WASHINGTON—Following Tuesday’s guilty verdicts and subsequent sentencing of Alexei and Oleg Navalny in Moscow, U.S. Senator Ben Cardin (MD), Chairman of the Commission on Security and Cooperation in Europe, issued the following statement: “I am deeply troubled by the guilty verdicts handed down in the latest manipulation of Russia’s so-called justice system against brothers Alexei and Oleg Navalny. The decision further demonstrates how the Russian government has warped what should be an independent voice and check on executive power into a tool to retaliate against its political opponents, continuing its ongoing crackdown on civil society in general.   “By punishing those who dare to voice their dissent, the Russian government undermines only itself. The Russian people deserve better than leaders who attempt to strangle their freedoms under the guise of deterring criminal activity.  As I noted in my statement Tuesday regarding the addition of names to the U.S. government’s visa ban and asset freeze lists, accountability and transparency are sadly lacking in President Putin’s Russia. “I remind Russia, as an OSCE participating State, that the Helsinki Final Act establishes principles and commitments including respect for human rights and fundamental freedoms within states which it has pledged to uphold. I urge the government of Russia to uphold its obligations and commitments to respect the freedoms of expression, assembly and of the media.  The Russian people must be allowed the right to voice their opinions openly, without fear of retaliation by their own government.” Alexei and Oleg Navalny were accused by the Russian authorities of fraud, charges which are viewed as politically motivated; Alexei Navalny is Russia’s leading anti-corruption crusader and a key member of the political opposition. In 2010, Alexei Navalny appeared at a Helsinki Commission briefing on fraud schemes in the Russian market.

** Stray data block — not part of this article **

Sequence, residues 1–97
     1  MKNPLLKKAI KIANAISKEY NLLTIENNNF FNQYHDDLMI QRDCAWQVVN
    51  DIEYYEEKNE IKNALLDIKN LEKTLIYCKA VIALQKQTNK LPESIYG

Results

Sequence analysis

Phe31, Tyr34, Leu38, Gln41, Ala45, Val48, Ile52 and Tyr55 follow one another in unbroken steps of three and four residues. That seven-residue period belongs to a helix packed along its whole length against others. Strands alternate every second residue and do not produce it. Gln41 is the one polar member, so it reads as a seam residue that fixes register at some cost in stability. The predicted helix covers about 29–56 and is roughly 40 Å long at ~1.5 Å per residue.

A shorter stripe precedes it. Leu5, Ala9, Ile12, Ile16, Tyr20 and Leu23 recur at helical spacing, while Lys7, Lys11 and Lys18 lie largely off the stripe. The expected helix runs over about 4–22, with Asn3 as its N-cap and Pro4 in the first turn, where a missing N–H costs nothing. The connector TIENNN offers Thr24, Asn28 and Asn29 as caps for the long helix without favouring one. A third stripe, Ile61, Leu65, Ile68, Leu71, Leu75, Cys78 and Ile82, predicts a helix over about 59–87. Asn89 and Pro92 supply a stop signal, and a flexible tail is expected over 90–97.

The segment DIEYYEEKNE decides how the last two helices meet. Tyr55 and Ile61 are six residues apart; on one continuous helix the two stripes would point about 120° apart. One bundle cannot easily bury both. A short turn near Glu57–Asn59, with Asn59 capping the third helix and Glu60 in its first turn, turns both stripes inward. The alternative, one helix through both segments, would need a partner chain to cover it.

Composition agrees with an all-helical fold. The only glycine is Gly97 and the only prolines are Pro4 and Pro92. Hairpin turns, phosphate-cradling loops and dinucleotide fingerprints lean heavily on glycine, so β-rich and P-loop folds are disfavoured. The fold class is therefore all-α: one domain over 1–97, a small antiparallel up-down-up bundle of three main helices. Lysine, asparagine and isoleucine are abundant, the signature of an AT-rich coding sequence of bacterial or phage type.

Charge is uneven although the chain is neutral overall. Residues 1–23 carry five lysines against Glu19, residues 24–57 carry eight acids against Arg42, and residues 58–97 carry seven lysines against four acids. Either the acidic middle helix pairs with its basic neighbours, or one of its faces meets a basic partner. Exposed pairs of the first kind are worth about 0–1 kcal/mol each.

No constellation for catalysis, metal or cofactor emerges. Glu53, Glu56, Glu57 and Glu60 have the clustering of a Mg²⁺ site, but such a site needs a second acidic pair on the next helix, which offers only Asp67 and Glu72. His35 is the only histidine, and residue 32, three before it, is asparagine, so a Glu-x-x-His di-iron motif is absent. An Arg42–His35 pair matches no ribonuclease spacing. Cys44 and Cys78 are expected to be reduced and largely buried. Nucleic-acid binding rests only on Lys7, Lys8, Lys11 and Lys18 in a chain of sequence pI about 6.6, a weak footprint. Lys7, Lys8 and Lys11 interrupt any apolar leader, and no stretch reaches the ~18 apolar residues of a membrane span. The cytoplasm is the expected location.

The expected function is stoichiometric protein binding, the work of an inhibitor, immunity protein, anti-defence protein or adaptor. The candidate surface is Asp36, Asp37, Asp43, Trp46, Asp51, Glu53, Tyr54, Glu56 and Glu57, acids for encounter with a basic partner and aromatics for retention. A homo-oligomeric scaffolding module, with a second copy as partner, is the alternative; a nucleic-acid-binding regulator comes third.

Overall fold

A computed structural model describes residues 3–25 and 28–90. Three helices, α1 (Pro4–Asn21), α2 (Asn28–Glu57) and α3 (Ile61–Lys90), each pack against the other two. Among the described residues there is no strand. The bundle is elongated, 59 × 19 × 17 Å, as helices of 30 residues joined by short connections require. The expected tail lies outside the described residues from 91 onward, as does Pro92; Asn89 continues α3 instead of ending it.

• U.S. Helsinki Commission Chair Notes Challenges, Need for Action on International Human Rights Day